A small group of society's most powerful men ("The Duke", "The Bishop", "The Magistrate", "The President") do whatever they want in pursuit of their pleasure, enlisting others for their ends, whether to enforce their arbitrary laws, or be victimized by them. How? Nothing maintains this oppressive power structure other than those involved in it who make sure that these grossly inequal relations maintain their stability. In showing us with such crystal clarity how such relations are maintained (ie: ever-renewed), he also shows the difficulty in overcoming them. Why isn't there a revolution? Why do the victims submit? For the same reason gladiators fought, witches were burned, Jews were gassed, nukes were dropped, innocents are tortured, banksters prosper as the world pays for their crimes, and drones decimate weddings and funerals a continent away.
That's what Salo is about. As a film, though, it is a tremendous work of art, the most visually sumptuous in this list. Each hateful frame is elegantly composed and carefully lit against settings of creepy, desolate splendor so as to help the knife twist in your heart more easily. There's even humor in the film, funny and black as the void.
This is one of film's greatest masterpieces; but, like the great Marquis de Sade's masterpieces, it must only to be approached by those with an inner eye -- and strong stomach -- prepared for its bitter truths.
Terry Gilliam wraps his profoundly cinematic imagination around Orwell's 1984 and, in making it his own, creates a blackly comic dystopian masterpiece.
If we extend the lessons of Salo to society at large we see that, as Russian novelist Vasily Grossman says, the new state did not require holy apostles, fanatic, inspired builders, faithful, devout disciples. The new state did not even require servants -- just clerks. Happy are the "decent", "normal" people who don't want anything more from life than to accept things as they are: their lives flow seamlessly into the smoothly functioning channels that keep society running. We may point fingers at the handful of zealots who have internalized their "calling" to become society's oppressive "leaders", but the Holocaust (to cite the most obvious example) was made possible by the functionaries and workers who showed up day after day to work diligently at their jobs keeping the machinery of death running smoothly: filing papers, filling out reports, doing cost-benefit analyses, dotting the i's and crossing the t's of the names of the newly dead in their ledgers.
Accepting such systems as normal requires collective self-delusion. In the land of functionaries -- those who exist to maintain the status quo -- only the foolish dare dream of alternate realities. Indeed, those who think for themselves and dare to see things as they are -- the iconoclasts -- become the most dangerous of enemies: they challenge basic assumptions, question authority, and criticize the structural institutionalization of injustice that exists to benefit the 1% (as represented here by Katherine Helmond in her best “venal & oblivious” mode).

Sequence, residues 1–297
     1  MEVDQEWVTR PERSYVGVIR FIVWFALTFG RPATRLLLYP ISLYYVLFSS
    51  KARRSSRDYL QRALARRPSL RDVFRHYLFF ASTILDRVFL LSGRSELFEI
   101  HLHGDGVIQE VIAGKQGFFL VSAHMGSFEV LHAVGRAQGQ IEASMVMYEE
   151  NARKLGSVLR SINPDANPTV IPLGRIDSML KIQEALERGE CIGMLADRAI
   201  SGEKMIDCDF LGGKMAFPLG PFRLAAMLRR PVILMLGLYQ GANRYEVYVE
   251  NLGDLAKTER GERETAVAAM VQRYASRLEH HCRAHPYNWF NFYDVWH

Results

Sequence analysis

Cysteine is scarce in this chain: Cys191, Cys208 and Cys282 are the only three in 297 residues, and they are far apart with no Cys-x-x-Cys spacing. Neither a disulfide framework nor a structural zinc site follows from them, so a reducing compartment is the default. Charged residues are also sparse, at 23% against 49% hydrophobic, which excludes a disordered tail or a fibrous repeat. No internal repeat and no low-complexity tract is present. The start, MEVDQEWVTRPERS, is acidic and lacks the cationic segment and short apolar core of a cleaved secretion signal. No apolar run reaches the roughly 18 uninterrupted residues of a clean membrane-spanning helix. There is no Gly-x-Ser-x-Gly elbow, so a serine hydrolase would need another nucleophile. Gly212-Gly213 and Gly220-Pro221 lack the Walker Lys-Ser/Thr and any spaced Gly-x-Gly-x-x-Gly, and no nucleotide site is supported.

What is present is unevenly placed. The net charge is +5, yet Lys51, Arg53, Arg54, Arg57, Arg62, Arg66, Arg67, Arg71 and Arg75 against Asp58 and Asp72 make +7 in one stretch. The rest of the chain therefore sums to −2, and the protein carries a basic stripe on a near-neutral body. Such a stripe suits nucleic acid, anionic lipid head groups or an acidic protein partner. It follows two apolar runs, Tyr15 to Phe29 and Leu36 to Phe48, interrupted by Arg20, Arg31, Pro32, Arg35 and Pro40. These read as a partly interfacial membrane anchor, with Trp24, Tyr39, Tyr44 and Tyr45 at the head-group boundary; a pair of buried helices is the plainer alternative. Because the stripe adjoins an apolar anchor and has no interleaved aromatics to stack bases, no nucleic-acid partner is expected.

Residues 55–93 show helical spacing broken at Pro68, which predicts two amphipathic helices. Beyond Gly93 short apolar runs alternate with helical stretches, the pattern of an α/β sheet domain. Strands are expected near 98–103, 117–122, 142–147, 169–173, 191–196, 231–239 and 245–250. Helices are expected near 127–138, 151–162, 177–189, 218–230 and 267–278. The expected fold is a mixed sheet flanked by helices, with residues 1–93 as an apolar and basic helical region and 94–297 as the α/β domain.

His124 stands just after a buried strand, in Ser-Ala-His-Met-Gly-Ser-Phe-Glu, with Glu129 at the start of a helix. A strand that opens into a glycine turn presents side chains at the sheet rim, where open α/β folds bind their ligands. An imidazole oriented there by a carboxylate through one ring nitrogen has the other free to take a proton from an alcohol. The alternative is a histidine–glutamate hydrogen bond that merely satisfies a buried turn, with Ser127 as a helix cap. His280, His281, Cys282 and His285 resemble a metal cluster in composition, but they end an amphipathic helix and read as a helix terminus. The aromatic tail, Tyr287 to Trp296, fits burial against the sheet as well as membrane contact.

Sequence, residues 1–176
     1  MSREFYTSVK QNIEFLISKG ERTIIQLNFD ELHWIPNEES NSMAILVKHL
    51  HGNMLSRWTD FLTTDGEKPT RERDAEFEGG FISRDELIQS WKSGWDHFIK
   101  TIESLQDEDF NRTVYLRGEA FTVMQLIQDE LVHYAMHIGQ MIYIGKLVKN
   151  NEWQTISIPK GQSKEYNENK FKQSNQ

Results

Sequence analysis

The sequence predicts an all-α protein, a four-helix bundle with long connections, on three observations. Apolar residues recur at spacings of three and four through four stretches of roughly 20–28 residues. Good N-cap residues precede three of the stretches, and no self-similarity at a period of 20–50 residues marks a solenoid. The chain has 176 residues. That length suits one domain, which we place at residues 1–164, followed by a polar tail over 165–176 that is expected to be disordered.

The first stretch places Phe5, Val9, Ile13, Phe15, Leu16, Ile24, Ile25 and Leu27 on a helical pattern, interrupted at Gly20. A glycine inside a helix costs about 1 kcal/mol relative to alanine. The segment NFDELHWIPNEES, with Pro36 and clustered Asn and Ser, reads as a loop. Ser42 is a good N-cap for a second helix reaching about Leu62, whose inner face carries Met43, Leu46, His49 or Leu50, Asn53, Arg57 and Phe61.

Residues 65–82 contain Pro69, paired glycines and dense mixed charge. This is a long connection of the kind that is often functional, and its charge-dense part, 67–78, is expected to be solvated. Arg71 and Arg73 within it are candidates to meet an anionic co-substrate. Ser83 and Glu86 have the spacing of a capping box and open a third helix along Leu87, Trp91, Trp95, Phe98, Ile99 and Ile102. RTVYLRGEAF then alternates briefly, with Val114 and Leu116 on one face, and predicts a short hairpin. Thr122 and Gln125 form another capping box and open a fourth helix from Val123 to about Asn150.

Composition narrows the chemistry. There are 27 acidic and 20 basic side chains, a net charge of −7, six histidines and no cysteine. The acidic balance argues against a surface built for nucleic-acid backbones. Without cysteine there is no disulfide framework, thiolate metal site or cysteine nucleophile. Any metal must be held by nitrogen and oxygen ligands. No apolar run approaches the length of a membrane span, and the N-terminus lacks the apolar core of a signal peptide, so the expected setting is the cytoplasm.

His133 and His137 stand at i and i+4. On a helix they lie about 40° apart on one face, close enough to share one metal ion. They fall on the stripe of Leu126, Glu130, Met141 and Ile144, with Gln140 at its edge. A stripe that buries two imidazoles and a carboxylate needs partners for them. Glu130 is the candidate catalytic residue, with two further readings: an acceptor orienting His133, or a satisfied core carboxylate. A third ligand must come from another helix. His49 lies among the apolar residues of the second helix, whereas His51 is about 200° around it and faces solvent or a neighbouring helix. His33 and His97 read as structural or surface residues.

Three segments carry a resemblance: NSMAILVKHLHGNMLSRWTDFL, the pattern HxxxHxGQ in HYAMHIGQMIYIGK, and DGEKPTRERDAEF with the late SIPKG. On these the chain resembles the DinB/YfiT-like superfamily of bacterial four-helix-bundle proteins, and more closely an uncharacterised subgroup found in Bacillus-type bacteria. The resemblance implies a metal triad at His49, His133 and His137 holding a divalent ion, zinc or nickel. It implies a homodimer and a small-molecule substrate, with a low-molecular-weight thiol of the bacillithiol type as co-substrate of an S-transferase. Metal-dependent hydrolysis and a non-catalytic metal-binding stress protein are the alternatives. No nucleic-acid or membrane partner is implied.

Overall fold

Sam Lowry (Gilliam favorite Jonathan Pryce) begins to question some of his assumptions about the way things are after witnessing a tragic, “impossible” bureaucratic error. Increasingly unable to abide the collective self-delusion that is foisted on everyone to keep them compliant, Sam Lowry ventures into fantasies of escape, eventually literalizing himself as an avenging angel battling a personification of the State.
If, as activist Steve Biko famously said, The greatest weapon in the hands of the oppressor is the mind of the oppressed, then it is in the interest of the 1% to exploit the capabilities of this weapon to its fullest. Most importantly, get the people to oppress themselves: depression, hopelessness, despair, fear, alienation, isolation, self-victimization, anxiety, disconnectedness — all these are the weapons we turn against ourselves by internalizing the seemingly hopeless situation in which we find ourselves. (It's also very profitable for Big Pharma and other for-profit health entities, BTW: mental health is not profitable.) All these feelings are used to keep us apart and compliant so that we learn to accept our place and station in life. We are trained to channel these feelings into interests that the 1% wish us to pursue — shopping, spectator sports, celebrity gossip, alcoholism — because it takes energy, hope and enthusiasm to fight against the oppressive weight bearing down upon us from the "way things are".
A fearful society run as a closed bureaucratic organism will dispatch its security antibodies to eradicate its iconoclastic germs. But dreams cannot be defeated. And so the movie ends on a desolately, bitterly sweet triumphant note — the State may have claimed his body, but Sam's mind does finally escape. (This is probably cinema's best depiction of Hemingway's epigram A man can be destroyed but not defeated.)
The neoliberal utopia that is Brazil is also eerily prescient in the way it depicts new features of our own society that have rapidly become normalized: enemies everywhere, within and without; illegal laws that bypass due process (research the NDAA and be very afraid!); ubiquitous surveillance; militarized police; institutionalized torture; and -- though not normalized yet -- quotidian terrorist attacks (soon, coming to neighborhood near you!). One need only go through a standard Keystone Kops TSA airport screening (pure theatre if ever there was one) to see just how much the world of Brazil has become our own. Welcome to the future.
Hollywood, of course, cannot take Gilliam at full strength, and sought to temper the film’s message. (Criterion’s stellar 3-disc set charts the vicissitudes this film suffered at the hands of just the sort of clerks that inhabit this film.) Brazil may not be Gilliam’s largest canvas (that would belong to the unjustly underappreciated The Adventures of Baron Munchausen), but it’s his most intense and fully realized one, making Brazil a tour-de-force more to be experienced than watched. It is also one of cinema’s greatest movies.
...analysis to come... [posted 09/23/13 -- hope to have the write-up by xmas]
...analysis to come... [posted 09/23/13 -- hope to have the write-up by xmas]